What that $16 million didn’t buy, however, is any clear U.S. strategy in Afghanistan:

Jon B. Alterman, director of the Middle East Program at the Center for Strategic and International Studies, said the Pentagon was being given leeway to carry out strategy without being told what, exactly, the overarching strategy is. “What they haven’t been given is a lot of strategic guidance to work with,” he said. “They can affect things, but without a guiding strategy, it’s hard to be sure you’re having the desired effect.”

Meanwhile, on the question of what this means for strategy in Afghanistan, or even if dropping a MOAB was intended to send a message to anyone else, like North Korea, it’s unclear whether President Trump authorized the use of this weapon or even knew about it ahead of time.

Press Secretary Sean Spicer refused to say whether the president had been in the Situation Room when the bomb was dropped, and the president himself was even more vague than usual, saying in response to a direct question, “Everybody knows exactly what happened. What I do is authorize the military.”

Watch the video below and revel in money well spent.

We’re #1!


How much more security can the United States buy with the $54 billion in new defense spending that President Trump will propose in his speech to Congress tonight?

Not a whole helluva lot if you ask me.

Consider what we already spend. In 2016, according to the International Institute for Strategic Studies’ Military Balance 2017 report, we spent more than the next dozen countries combined. The graphic above tells the tale.

The $604 billion that the US spent last year was more than four times what China spent, and more than 10 times what Russia spent. Frankly we spend our military competitors into the ground already.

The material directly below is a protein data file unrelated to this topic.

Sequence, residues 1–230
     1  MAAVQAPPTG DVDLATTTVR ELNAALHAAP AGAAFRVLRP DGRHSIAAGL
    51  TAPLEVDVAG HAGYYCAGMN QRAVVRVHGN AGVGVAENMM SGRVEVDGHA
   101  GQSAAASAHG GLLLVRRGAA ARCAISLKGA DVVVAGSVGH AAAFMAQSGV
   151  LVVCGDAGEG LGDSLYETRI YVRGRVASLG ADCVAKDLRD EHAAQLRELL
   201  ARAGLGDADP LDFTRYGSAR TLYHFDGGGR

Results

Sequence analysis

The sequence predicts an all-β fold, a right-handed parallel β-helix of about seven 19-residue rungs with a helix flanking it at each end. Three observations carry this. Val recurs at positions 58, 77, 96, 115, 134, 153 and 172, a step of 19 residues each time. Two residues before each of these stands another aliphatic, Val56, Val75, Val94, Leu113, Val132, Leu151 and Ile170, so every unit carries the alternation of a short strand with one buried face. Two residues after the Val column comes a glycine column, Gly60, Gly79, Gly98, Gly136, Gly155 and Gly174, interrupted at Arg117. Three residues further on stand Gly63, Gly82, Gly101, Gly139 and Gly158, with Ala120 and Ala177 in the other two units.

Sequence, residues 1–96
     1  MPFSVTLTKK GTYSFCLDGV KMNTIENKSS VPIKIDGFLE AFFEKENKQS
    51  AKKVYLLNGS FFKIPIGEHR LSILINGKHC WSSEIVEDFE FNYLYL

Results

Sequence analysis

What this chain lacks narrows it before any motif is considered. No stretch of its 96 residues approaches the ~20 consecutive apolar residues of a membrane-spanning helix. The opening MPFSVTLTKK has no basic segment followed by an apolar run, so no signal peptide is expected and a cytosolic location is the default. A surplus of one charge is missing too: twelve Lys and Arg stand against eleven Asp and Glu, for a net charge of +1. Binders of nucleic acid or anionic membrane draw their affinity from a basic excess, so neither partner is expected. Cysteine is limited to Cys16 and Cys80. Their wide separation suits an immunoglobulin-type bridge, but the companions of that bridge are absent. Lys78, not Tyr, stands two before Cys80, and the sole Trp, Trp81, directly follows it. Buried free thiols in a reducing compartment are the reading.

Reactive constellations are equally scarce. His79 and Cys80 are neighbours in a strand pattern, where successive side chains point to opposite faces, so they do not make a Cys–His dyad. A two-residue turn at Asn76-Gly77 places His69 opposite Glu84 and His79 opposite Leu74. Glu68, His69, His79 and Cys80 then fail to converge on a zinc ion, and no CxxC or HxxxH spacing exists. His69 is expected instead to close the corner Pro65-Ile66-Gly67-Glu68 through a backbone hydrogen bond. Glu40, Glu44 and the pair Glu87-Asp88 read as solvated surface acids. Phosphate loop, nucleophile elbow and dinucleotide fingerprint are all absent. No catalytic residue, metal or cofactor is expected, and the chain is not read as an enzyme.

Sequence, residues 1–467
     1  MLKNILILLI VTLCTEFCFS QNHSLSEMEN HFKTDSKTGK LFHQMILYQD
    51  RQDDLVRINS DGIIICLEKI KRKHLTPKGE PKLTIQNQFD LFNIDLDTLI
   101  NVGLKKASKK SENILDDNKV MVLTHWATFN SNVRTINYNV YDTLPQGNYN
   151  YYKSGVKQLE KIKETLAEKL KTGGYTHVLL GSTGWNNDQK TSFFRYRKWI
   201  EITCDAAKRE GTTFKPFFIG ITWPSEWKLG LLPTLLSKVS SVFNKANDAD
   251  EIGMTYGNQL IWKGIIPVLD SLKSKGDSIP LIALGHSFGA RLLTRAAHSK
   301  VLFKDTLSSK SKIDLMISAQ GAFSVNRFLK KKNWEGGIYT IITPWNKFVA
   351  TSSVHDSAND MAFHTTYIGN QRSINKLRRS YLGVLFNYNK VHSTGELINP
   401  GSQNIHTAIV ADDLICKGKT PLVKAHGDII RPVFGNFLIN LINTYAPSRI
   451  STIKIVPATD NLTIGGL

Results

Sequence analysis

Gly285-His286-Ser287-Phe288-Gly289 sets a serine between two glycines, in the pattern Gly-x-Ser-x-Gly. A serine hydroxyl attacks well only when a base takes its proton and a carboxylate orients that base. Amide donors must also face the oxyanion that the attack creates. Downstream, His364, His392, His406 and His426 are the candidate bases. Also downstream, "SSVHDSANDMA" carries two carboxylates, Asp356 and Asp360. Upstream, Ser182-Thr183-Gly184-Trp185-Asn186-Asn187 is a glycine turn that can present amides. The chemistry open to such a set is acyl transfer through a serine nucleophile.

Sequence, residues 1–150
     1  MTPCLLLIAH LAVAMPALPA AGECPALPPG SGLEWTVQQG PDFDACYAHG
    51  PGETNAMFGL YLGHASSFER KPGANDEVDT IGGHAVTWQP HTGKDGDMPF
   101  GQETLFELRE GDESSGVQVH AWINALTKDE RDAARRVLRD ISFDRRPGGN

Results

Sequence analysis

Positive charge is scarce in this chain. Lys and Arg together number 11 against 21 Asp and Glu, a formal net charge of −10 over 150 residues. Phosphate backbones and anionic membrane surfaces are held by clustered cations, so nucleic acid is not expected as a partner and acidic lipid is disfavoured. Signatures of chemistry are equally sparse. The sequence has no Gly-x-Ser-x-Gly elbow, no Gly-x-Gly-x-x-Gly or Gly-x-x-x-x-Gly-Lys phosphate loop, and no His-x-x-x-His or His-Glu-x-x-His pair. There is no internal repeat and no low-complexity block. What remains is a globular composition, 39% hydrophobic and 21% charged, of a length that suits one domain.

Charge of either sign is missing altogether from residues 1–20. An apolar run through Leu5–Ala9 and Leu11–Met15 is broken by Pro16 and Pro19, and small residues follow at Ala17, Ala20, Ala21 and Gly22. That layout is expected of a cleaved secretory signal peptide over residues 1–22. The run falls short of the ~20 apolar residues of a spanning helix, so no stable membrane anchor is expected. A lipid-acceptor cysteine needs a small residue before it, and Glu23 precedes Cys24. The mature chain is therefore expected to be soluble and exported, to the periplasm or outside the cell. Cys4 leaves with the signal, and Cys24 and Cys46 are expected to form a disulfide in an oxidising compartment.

The United States is the only country that can project military power anywhere on the globe it chooses, at any time it chooses. We can do that because of our unchallenged superiority in key hardware, for example, naval aircraft carriers.

There are only 36 aircraft carriers in the world. The United States Navy has 19 of them, 10 of those Nimitz-class “supercarriers.” Here’s what those ships carry:

Each Nimitz typically carries an air wing consisting of 24 F/A-18C Hornets, 24 F/A-E/F Super Hornets, 4 to 5 E/A-18G Growler electronic warfare aircraft, 4 E-2D Hawkeye airborne early warning and control aircraft, 2 C-2 Greyhound transport aircraft, and 6 Seahawk helicopters.

Two more Nimitz-class carriers are currently under construction.

What about the rest of the world? China has one, an old Soviet-era carrier which it acquired from a Chinese investor who had originally bought it to convert into a floating casino. It was refurbished and commissioned in 2012.

Russia also has one in it’s fleet, built in 1991. It’s spent much of the winter limping along the coast of Syria, belching smoke and losing fighter aircraft.

In terms of military rivals, that’s it. Meanwhile, the Brits have two under construction, France has one operational carrier. India boasts two, including an old British carrier that dates back to World War II.

You get the picture. For the full details check out this breakdown from Popular Mechanics.

So let’s bring it back to the main question: Given how huge a military advantage the United States already enjoys, how much more security can an additional $54 billion buy?

I don’t expect an answer in tonight’s speech, but I sure hope someone asks the question.